Yahoo’s User Agreement Fails in Battle Over Dead User’s Email Account–Ajemian v. Yahoo
[Post by Venkat Balasubramani]
Ajemian v. Yahoo!, 12-P-178 (Mass. Ct. App. May 7, 2013)
This is a very interesting dispute that raises the question of ownership over digital assets after a person’s death.
Plaintiffs, John Ajemian’s (the decedent’s) executors and siblings, sued to declare his estate owner of email messages he sent and received via his Yahoo! account. Prior to filing suit, they tried to negotiate with Yahoo! to get access to the account, among other things, to notify friends of John’s death and service arrangements, and to organize and administer John’s assets. Yahoo! co-operated in providing basic subscriber information as part of an initial lawsuit, but Yahoo took the position that the Stored Communications Act barred disclosure of the message contents. A probate judge dismissed the complaint, finding that the forum selection clause required the lawsuit to be brought in California. The appeals court reverses.
Were the contract provisions reasonably communicated to the end user: On the core question of whether the online agreement is enforceable, the court says that Yahoo!’s terms should be enforced under the standards of any other agreement. The key question is whether the terms had been reasonably communicated to the end user. The terms had been amended to add a no third-party beneficiary and a “no-survivorship” clause. The court says the record is unclear as to how the initial terms, and the revised terms, were communicated to users. Because of the lack of clarity in the record on this issue, Yahoo! is not entitled to dismissal based on the forum selection clause, or based on other terms that would limit the estate’s rights vis-a-vis the account.
Is the forum selection clause enforceable against the administrators?: Even assuming the terms and revisions were adequately communicated to the decedent, the court says that it would be unreasonable to enforce the forum selection clause against his estate administrators. The administrators are not parties to the agreement, which references the singular “you” in describing the counter-party to Yahoo! The decedent was domiciled in Massachusetts, and probate courts in the State of Massachusetts have a strong interest in resolving ownership questions over a resident decedent’s assets. Because the lawsuit involves a narrow issue about the account contents of the account, Yahoo!’s interest in having the lawsuit resolved in California is not as strong as it otherwise might have been (e.g., if the lawsuit was about Yahoo!’s services). The court also says that the forum selection clause is overly broad, and as written requires any suit between a subscriber and Yahoo! to be brought in California.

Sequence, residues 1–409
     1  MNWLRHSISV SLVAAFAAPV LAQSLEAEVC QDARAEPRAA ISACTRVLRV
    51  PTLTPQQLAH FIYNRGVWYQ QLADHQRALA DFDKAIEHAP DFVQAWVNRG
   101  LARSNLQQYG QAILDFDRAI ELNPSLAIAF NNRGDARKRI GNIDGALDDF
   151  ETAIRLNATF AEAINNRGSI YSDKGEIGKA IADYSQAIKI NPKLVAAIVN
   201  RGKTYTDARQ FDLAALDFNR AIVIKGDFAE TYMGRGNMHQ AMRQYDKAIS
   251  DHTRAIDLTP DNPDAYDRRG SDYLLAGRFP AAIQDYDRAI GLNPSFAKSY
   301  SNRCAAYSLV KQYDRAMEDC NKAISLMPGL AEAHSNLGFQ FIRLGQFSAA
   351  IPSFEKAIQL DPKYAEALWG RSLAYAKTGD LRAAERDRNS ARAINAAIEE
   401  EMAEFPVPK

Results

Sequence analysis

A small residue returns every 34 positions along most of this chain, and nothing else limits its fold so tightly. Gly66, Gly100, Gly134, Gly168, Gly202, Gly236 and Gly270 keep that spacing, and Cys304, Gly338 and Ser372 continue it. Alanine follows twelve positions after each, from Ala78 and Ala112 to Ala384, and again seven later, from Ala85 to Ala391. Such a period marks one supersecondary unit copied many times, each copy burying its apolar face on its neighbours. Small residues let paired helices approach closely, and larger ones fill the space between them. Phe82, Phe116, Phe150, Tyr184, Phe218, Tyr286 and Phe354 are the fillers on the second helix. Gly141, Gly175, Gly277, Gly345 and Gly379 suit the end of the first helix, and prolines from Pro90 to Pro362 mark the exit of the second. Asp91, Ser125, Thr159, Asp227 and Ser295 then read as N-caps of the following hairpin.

(The probate judge concluded that Res Judicata barred the second complaint which sought the contents of the email; the appeals court reverses on this question as well.)
An interesting factual backdrop to the case is that as the court notes, one of the administrators actually helped the decedent set up the account and may have even “shared” the account with the decedent. (Unfortunately, he did not remember or have the password.)
The merits are a veritable thicket. Does the Stored Communications Act allow an estate to grant consent on behalf of the decedent? Earlier cases involving Facebook address the waiver issue, but none really resolve it. (Stored Communications Act Bars Disclosure of Facebook Records to Surviving Family Members in the UK; “Court Orders Facebooking Juror to Disclose Additional Facebook Posts–Juror No. 1 v. Superior Court“.) There’s also the distinction between copyrights in the communications and ownership of the account (i.e., the “chattel”). While the estate probably owns the copyrights to the account contents, this does not mean that it can force Yahoo! to provide access to the account itself.
It’s worth looking at what (if anything) Yahoo! could have done differently here.
1. Better contract amendment process: It’s tough to say definitively whether the terms of service may be vindicated down the road, but the court’s approach to the terms of service issue reflects a fair amount of skepticism towards online agreements. While the court pays lip service to the fact that online agreements should be treated the same as any other contract, the court engages in some judicial contortion to not enforce the contractual terms. I’m not sure Yahoo! could do much more on this front to change the result here. On the other hand, Yahoo!’s terms contain the unfortunate “we can amend this agreement without providing you notice” language that companies would be wise to avoid.
2. Interplead the contents: Could Yahoo! have deposited the emails in the court’s registry and just have abided by the court’s decision? I’m not sure the Stored Communications Act envisions this, but it’s not a great alternative for Yahoo! anyway. On a long term basis, this would mean that it will have some administrative involvement in far-flung jurisdictions.
3. Create a mechanism to allow users to control the fate of their accounts post-death: Google recently offered an “Inactive Account Manager,” that lets people designate what happens to the accounts when they pass. (See Kash Hill’s post: “Will You Use Google’s Death Manager To Let Loved Ones Read Your Email When You Die?”.) This sounds like a good solution, although it requires an investment of resources on Yahoo!’s part.
Yahoo! could have, per its terms of service, merely deleted the content altogether, but it took a relatively consumer-friendly approach and preserved the contents. Unfortunately, as a result, it’s now embroiled in an ongoing dispute in probate court in Massachusetts.
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